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Molecular analysis of multidrug resistance in clinical isolates of Shigella spp. from 2001–2010 in Kolkata, India: role of integrons, plasmids, and topoisomerase mutations

Authors Rajpara N, Nair M, Chowdhury G, Mukhopadhyay AK, Ramamurthy T, Niyogi SK, Bhardwaj AK

Received 10 August 2017

Accepted for publication 10 October 2017

Published 12 January 2018 Volume 2018:11 Pages 87—102


Checked for plagiarism Yes

Review by Single anonymous peer review

Peer reviewer comments 2

Editor who approved publication: Dr Sahil Khanna

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Neha Rajpara,1,2 Mrinalini Nair,2 Goutam Chowdhury,3 Asish K Mukhopadhyay,3 Thandavarayan Ramamurthy,4 Swapan Kumar Niyogi,3 Ashima Kushwaha Bhardwaj1

1Department of Human Health and Diseases, Indian Institute of Advanced Research, Koba Institutional Area, Gandhinagar, 2Department of Microbiology and Biotechnology Centre, Maharaja Sayaji Rao University of Baroda, Vadodara, Gujarat, 3Department of Bacteriology, National Institute of Cholera and Enteric Diseases, Kolkata, 4Center for Human Microbial Ecology, Translational Health Science and Technology Institute, Faridabad, India

Abstract: To understand the genetic basis of high drug resistance in Shigella, 95 clinical isolates of Shigella spp. (2001–2010) were obtained from the Infectious Diseases Hospital, Kolkata, India. Ninety-three isolates were resistant to three or more antibiotics. Resistance to nalidixic acid, trimethoprim, streptomycin, and co-trimoxazole was most common in this population. Dendrogram analysis showed that S. sonnei strains were more clonally related when compared to the other Shigella species. The role of mobile genetic elements and chromosome-borne resistance factors was analyzed in detail. Integron analysis indicated the preponderance of class 2 and atypical class 1 integrons in that population. Typical class 1 integron was present in only one S. sonnei isolate and harbored trimethoprim resistance-encoding gene dfrV, while atypical class 1 integrons harbored dfrA1–aadA or blaOXA-aadA gene cassettes responsible for resistance to trimethoprim, aminoglycosides, and β-lactams. Class 2 integrons harbored either dfrA1-sat-aadA or dfrA1-sat gene cassettes. Most importantly, a novel gene cassette array InsE-InsO-dfrA1-sat was found in class 2 integron of S. sonnei NK4846. Many of the resistance traits for antibiotics such as trimethoprim, co-trimoxazole, kanamycin, ampicillin, and tetracycline were transferred from parent Shigella isolates to recipient Escherichia coli during conjugation, establishing the role of plasmids in horizontal transfer of resistance genes. Multiple mutations such as S80→I, S83→L, and D87→G/N/Y in quinolone resistance determining regions of topoisomerases from the representative quinolone-resistant isolates could explain the spectrum of minimal inhibitory concentration values for various quinolones. To the best of our knowledge, this is the first comprehensive report that describes the contribution of mobile (plasmids, integrons, and quinolone resistance genes named qnr) and innate genetic elements (mutations in topoisomerases) in determining the resistance phenotype of all the four species of Shigella over a span of ten years.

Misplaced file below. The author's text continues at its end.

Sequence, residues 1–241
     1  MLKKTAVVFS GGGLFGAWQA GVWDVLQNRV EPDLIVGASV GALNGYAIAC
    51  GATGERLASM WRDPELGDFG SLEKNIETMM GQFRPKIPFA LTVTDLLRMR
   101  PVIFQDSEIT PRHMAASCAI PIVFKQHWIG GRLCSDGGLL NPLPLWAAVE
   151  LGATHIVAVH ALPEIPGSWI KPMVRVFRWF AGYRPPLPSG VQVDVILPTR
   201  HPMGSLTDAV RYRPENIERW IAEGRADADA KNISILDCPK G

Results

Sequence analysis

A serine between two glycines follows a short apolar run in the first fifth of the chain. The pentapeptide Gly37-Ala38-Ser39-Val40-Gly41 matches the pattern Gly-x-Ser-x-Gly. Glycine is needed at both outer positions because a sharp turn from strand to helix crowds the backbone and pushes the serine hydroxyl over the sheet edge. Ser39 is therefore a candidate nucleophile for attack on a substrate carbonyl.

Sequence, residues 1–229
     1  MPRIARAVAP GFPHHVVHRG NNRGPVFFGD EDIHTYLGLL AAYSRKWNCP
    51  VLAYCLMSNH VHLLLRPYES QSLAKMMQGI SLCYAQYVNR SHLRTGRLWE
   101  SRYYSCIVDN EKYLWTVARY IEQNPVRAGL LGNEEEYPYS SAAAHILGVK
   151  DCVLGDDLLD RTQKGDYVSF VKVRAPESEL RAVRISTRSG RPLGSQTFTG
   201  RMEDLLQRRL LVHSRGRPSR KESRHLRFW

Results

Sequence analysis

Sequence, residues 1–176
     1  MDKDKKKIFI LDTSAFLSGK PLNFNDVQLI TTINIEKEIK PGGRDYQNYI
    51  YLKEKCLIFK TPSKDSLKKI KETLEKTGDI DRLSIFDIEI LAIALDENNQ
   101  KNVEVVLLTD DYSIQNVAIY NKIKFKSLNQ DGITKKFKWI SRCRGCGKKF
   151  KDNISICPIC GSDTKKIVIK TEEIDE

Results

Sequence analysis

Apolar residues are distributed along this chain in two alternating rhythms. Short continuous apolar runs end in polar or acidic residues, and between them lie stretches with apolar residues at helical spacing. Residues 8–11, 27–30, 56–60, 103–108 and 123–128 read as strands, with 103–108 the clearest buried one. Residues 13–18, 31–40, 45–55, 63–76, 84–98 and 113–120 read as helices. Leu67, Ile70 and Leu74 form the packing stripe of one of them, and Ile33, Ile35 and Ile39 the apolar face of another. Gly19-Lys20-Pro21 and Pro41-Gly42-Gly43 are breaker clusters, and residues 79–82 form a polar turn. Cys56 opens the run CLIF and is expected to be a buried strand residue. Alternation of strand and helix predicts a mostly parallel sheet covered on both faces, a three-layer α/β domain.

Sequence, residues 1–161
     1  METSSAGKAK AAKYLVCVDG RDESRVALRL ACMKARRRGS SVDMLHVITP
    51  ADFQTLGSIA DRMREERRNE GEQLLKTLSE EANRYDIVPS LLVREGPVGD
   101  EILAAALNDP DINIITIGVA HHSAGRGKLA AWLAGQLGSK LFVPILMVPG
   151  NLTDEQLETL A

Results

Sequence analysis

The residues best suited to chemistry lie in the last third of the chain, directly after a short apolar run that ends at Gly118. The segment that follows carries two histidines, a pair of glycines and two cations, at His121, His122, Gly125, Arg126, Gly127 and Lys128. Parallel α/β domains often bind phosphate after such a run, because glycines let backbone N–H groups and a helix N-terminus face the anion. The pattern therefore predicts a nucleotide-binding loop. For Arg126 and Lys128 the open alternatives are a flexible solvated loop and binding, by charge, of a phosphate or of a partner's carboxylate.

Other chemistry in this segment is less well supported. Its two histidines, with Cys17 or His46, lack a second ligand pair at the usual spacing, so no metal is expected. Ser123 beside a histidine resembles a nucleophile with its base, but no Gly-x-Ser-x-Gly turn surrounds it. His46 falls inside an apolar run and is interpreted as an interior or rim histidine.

Keywords: mobile genetic element, conjugation, atypical class 1 integron, quinolone resistance, efflux pumps


In February 2017, WHO published a global priority list of antibiotic-resistant pathogens that pose greatest threat to human health and for which new antibiotics are needed.1 Based on the urgency for development of new antibiotics, pathogens have been divided into critical, high, and medium category.1 Fluoroquinolone-resistant Shigella has been included as a medium priority pathogen in this list. This has reiterated that multidrug resistant (MDR) Shigella poses a threat to human health and underlines the need to unravel and understand the molecular basis of MDR in Shigella. Shigellosis caused by Shigella flexneri, S. sonnei, S. dysenteriae, and S. boydii mostly occurs in resource-poor communities that do not have proper sanitation.2 Annually, the number of Shigella episodes is estimated to be 80–165 million and ~74,000–600,000 deaths worldwide.3 Antibiotics are used for the treatment of shigellosis, but with increasing MDR pathogens, treatment of this disease has become complicated. There have been many reports around the world indicating the rising problem of MDR in shigellosis.412 Increase in resistance to fluoroquinolones, third-generation cephalosporins, and azithromycin has been reported globally.13